On Sunday, a strong earthquake rattled Taiwan. Having grown up in California, I was not perturbed -- the Northridge Earthquake felt more serious. Of course, this cavalier attitude is also because I have been blessed not to have two construction cranes fall on me. As people say, there but for the grace of God go I.
When the quake occurred, I was in a caf� with Clair and Yu-ru. They insisted we go outside. Since they're local, I complied, but upon exiting the caf� I looked up and saw power lines. I wanted to go back inside and take my chances because I'd rather be smushed than electrocuted.
Part of this nonchalance also comes from my assumption that in earthquake-prone regions (for example, the land masses that surround the Pacific Ocean which make up the "Ring of Fire"), buildings are constructed with that in mind. After all, very few places are earthquake-risk free, and those that are deal with hurricanes and tornadoes. Especially after seeing Twister, I prefer to live near the San Andreas Fault than Dorothy's Kansas.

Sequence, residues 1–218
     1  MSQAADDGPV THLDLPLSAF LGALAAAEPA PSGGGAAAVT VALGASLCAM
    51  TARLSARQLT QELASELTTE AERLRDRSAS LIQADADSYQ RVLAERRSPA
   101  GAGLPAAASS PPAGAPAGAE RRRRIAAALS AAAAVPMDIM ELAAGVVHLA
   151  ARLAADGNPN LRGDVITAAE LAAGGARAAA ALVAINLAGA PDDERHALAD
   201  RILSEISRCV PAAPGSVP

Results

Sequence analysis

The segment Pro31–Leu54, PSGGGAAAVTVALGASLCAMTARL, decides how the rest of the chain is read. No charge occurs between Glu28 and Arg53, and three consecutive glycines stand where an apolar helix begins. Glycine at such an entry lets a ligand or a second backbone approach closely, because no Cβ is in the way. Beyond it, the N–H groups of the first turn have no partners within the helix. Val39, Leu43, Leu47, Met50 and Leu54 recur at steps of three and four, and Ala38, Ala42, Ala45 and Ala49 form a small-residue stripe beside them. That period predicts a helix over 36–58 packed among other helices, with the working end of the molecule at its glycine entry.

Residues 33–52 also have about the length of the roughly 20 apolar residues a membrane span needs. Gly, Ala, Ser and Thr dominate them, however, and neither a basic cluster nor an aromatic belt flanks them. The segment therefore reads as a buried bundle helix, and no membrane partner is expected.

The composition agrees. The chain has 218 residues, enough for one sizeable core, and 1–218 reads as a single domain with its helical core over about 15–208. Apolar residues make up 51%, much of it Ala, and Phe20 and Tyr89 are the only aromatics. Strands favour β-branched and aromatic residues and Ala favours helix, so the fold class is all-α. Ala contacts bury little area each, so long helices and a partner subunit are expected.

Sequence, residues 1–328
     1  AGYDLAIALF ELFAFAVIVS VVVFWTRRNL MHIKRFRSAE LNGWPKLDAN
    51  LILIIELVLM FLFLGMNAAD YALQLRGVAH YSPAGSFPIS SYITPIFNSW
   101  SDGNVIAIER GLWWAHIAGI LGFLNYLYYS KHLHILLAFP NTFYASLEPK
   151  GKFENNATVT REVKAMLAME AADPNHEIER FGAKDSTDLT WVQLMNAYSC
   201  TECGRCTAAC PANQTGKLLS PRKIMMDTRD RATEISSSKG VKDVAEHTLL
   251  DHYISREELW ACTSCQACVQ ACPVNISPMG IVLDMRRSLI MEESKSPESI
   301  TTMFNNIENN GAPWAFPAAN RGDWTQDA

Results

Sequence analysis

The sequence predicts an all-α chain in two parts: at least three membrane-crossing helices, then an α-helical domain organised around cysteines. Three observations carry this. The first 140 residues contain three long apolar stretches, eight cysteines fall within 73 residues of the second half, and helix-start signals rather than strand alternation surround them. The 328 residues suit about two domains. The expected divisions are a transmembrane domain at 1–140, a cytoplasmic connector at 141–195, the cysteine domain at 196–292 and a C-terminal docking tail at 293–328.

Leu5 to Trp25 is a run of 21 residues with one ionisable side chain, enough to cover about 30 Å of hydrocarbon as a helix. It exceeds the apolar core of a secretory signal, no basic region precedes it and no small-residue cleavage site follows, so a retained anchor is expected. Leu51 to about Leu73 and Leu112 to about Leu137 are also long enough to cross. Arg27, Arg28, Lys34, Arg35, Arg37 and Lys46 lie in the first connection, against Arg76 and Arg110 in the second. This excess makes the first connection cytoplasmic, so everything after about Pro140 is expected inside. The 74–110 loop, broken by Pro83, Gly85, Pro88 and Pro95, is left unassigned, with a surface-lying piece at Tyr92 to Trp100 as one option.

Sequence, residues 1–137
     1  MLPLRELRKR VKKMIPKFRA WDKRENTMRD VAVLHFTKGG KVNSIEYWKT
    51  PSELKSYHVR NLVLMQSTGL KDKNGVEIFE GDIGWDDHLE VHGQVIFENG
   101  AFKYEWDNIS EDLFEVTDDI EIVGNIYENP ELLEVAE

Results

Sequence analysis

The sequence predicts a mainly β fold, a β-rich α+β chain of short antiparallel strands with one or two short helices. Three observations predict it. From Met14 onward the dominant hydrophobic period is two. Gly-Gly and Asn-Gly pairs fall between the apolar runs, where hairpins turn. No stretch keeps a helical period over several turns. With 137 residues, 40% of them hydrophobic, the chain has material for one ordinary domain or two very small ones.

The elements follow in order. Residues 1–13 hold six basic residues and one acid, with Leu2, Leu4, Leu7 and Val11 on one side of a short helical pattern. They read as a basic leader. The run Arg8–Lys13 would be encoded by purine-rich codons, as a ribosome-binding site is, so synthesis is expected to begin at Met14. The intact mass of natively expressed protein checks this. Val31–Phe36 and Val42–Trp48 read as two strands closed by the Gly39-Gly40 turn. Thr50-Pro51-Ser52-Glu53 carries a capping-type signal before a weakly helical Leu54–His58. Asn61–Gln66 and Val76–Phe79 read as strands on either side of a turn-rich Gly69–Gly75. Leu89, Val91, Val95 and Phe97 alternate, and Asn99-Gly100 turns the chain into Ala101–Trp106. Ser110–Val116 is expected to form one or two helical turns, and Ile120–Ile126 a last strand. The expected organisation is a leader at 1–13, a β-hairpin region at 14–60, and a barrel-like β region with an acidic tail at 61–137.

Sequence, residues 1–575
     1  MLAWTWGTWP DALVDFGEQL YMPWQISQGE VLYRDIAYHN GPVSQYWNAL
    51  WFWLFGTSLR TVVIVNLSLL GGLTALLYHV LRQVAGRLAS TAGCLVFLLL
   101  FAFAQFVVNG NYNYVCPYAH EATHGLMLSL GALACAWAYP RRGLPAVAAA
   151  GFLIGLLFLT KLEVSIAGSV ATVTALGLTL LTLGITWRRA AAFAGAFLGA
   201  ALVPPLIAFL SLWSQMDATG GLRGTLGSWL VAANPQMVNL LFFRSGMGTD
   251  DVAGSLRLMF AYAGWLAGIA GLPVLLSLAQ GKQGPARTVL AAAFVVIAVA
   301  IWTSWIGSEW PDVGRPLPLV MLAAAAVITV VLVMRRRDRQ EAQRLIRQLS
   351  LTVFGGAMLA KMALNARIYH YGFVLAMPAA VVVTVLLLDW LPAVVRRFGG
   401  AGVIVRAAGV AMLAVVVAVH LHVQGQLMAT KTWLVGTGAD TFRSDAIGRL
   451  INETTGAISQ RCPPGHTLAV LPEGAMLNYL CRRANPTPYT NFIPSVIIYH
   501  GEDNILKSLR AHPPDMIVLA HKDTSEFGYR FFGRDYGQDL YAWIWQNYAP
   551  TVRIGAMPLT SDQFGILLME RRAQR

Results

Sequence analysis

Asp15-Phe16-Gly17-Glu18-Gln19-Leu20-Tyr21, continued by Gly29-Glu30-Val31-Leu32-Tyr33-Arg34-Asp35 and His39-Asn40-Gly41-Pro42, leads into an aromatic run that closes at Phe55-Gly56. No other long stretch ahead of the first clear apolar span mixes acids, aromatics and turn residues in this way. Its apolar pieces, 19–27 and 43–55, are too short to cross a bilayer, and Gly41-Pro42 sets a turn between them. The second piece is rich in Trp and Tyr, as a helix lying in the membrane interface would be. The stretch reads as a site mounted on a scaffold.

However, I am in Taiwan, which is not known for its quality construction. After the quake, Jen and I were talking about the Taipei Financial Center, intended to be the world's tallest building. Envy is the motivator for constructing such buildings. Wouldn't the money being spent on this project be better used on something that the Taiwanese public could all take pride in, something that will outlast the next hubristic real estate developer's latest project? How about refurbishing and improving the National Palace Musem so that it becomes the premier center of Chinese culture? After all, this is an achievable feat that the PRC wouldn't be able to surpass - the Cultural Revolution ensured that.